Figure 4: shows you how to remove read access to your FTP site using the Home Directory Tab found in the properties page of the site.


TIP # 5: Enable Disk Quotas.            


Windows 2000 comes with a handy utility that allows for the enforcement of Disk Quotas. Disk Quotas can effectively limit the amount of disk space a user can have ownership of. By default, ownership is granted to whichever user wrote the file. By enabling disk quotas and checking the deny disk space to users exceeding disk quota, you can effectively limit the possible damage caused in case your FTP site gets hijacked. One worst scenario is the abuse of an FTP site to the point that the disk fills up. This of course can have disastrous consequences to other services that might share the partition with the FTP site.        


Also, by limiting the amount of disk space each FTP user can have, your site becomes an unattractive target for hackers looking for someplace to share their media files.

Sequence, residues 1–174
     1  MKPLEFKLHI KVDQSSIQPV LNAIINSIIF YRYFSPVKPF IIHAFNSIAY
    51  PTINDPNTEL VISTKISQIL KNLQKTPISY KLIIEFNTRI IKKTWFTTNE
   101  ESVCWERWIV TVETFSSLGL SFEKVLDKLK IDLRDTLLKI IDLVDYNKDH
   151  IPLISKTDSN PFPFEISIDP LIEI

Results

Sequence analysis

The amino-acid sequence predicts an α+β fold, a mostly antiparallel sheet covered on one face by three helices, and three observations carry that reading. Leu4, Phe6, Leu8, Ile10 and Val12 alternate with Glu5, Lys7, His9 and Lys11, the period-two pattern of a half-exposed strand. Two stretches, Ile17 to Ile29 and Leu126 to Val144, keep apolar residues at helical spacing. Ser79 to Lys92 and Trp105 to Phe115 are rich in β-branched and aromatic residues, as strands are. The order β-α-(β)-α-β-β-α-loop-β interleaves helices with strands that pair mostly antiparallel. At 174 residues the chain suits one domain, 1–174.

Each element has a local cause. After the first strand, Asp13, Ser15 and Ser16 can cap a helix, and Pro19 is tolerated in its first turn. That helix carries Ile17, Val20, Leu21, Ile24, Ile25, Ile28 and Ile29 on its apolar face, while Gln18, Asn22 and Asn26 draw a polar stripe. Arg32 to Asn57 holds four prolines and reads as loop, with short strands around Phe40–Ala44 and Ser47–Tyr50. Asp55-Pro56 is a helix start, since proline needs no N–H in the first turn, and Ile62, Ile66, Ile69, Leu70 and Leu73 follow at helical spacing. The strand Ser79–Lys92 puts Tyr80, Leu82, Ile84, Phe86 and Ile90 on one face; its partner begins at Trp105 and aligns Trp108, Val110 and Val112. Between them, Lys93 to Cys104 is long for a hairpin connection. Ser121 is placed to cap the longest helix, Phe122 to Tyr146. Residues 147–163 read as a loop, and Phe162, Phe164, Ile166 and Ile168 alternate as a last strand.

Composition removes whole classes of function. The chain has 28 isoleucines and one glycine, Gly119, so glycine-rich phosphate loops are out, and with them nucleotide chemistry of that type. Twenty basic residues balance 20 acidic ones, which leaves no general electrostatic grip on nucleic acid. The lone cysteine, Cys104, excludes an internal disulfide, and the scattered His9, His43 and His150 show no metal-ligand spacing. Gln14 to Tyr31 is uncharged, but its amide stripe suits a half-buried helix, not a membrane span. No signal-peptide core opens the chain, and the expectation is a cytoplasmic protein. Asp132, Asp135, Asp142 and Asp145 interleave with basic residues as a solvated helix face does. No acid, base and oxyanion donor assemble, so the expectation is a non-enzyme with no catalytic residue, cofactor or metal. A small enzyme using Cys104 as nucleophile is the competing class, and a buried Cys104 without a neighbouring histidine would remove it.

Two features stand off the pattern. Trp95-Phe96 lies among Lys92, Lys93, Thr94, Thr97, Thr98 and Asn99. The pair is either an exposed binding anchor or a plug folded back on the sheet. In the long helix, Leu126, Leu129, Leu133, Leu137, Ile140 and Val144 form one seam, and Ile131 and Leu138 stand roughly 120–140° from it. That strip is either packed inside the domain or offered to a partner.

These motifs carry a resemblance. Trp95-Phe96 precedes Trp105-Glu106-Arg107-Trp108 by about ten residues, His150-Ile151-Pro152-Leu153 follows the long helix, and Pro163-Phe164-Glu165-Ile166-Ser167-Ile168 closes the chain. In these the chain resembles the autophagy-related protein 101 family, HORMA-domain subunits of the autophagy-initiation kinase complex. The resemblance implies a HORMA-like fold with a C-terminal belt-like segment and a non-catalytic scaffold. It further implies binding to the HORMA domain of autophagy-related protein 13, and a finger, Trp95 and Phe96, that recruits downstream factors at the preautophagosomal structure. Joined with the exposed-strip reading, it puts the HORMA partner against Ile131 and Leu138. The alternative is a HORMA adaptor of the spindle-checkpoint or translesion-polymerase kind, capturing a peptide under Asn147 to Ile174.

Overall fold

Figure 5: Enable Quota Management by Quota Tab found in the properties window of an NTFS disk partition.


The use of Disk Quotas is limited to NTFS partitions. Furthermore, Quotas can only be placed on a per user basis and cannot be assigned to groups.




Figure 6: Quote management can be configured on a per user basis. Limits should be set on the user accounts used for FTP access.


TIP # 6: Use Logon Time Restrictions.


Windows 2000 carries from NT 4.0 days the ability to logon hours of specific users. This option allows for a user to be limited to specific hours of the day in which he can logon.


This can be used creatively to limit access to your FTP site to only times that are authorized. If for instance you are using this Ftp site in an enterprise environment for business use, you could assess your availability needs to be limited to working hours. By denying logon during after hours, you would effectively shut down and secure your ftp site for most of the calendar day.